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Cardiac Catheterization

Cardiac catheterization is a highly specialized, x-ray study of the heart which yields important information necessary to accurately evaluate problem areas in the heart and coronary arteries and pinpoint their exact locations.

Cardiac catheterization (abbreviated "cath") is an invasive technique and is performed under sterile conditions, but it is not considered surgery and may be done on an outpatient basis if conditions permit. The procedure takes about one hour, requires only a local anesthetic, and causes little, if any, discomfort. During catheterization, the patient is awake and connected to an electrocardiogram machine to monitor heart rate, rhythm, and blood pressure continuously.

During the catheterization, a sterile, thin flexible tube called a catheter is inserted into a blood vessel in the arm (brachial approach) or groin (femoral approach) and carefully guided through the vessel into a heart chamber or coronary artery. Pressures can be measured, and blood samples may be drawn from each chamber of the heart for diagnostic studies.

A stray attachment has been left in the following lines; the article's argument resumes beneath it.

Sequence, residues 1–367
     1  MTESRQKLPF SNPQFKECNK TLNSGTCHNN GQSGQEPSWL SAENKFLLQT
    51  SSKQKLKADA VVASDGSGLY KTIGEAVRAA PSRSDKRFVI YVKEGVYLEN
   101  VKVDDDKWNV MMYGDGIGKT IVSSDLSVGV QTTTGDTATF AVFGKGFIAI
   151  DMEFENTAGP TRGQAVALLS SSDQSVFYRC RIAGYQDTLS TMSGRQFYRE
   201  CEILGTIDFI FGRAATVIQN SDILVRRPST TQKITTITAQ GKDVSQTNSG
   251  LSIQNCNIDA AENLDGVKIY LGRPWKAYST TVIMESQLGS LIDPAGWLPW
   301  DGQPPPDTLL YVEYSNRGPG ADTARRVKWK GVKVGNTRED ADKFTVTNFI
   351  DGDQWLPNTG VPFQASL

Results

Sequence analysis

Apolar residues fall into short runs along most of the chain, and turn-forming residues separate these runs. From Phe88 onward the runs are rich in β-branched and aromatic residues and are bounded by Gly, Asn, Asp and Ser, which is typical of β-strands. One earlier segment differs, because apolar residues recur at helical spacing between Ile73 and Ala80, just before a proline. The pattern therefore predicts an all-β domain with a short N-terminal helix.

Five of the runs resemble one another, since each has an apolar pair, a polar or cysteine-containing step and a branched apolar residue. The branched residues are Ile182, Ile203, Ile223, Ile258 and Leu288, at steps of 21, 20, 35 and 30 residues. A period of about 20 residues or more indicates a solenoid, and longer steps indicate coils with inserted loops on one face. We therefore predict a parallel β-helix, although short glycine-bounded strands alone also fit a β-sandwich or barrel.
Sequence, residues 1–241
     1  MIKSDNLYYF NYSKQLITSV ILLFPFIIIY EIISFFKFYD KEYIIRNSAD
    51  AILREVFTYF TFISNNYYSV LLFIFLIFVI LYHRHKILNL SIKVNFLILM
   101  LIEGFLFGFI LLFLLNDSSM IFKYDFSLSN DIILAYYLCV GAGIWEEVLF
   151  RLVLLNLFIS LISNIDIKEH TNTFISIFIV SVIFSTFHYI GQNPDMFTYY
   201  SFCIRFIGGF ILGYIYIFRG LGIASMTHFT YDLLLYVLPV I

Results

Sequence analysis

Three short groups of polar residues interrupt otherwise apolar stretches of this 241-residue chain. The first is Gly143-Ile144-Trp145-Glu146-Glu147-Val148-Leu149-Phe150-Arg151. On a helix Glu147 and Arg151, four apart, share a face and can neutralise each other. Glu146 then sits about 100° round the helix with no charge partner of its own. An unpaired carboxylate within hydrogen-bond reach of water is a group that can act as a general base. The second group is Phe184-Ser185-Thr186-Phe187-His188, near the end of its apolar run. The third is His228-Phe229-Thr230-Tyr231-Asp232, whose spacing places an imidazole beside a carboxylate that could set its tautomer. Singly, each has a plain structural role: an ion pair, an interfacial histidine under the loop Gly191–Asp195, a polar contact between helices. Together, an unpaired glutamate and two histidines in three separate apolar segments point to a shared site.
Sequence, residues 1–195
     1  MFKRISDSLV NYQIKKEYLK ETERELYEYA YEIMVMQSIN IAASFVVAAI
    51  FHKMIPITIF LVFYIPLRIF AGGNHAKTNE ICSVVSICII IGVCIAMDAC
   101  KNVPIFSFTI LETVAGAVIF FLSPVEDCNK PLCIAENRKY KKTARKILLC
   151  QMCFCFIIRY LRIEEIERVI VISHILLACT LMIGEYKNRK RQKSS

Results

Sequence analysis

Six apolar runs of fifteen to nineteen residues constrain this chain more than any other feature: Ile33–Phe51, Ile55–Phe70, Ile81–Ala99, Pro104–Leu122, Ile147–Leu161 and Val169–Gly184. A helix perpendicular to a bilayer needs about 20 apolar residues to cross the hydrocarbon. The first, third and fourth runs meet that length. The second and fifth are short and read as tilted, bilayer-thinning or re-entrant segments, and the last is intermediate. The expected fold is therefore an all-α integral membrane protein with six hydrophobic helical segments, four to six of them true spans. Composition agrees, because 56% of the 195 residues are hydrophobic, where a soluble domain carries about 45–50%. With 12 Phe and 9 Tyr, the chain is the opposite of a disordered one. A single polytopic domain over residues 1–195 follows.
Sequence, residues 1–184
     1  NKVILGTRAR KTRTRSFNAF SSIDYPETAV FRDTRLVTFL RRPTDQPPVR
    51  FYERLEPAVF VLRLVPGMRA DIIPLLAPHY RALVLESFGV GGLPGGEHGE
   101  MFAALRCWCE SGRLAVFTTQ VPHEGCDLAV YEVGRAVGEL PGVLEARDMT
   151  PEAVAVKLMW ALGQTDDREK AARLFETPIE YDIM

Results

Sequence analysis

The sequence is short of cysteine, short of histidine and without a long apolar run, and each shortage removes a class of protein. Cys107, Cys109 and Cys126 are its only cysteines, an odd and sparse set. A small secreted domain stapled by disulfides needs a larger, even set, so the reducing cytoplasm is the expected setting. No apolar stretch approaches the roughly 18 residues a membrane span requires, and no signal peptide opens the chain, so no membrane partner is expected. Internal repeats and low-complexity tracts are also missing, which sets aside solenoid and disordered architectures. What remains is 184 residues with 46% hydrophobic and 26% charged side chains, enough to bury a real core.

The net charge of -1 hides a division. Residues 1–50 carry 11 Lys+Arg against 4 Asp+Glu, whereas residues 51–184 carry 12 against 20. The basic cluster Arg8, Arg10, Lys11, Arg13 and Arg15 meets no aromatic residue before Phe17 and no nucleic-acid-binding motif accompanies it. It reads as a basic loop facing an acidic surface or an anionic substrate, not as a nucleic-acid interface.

An x-ray sensitive dye, or contrast medium, is injected through a catheter so that the heart structure and its pumping action are revealed and can be viewed "live" on special video monitors. The large, x-ray camera (or fluoroscope) above the cath table records the course of the dye flowing through the blood vessels, and makes a motion picture of the process, called ciné angiography. The film (angiogram) outlines the interior of the heart and its valves, reveals obstructions in the coronary arteries, and identifies other potential danger areas.

The information provided by the catheterization procedure enables cardiologists to make the most accurate diagnosis and evaluate therapeutic alternatives.

In some cases drugs can be released through the catheter directly into blocked coronary arteries. New enzymes have been developed that can potentially stop or minimize the damage caused by a myocardial infarction (heart attack) in progress.

Presently, the Fort Lauderdale Heart Institute has two state-of-the-art catheterization labs which can operate around the clock.










Copyright © Zachariah P. Zachariah M.D. P.A. Fort Lauderdale Heart Institute, Inc.
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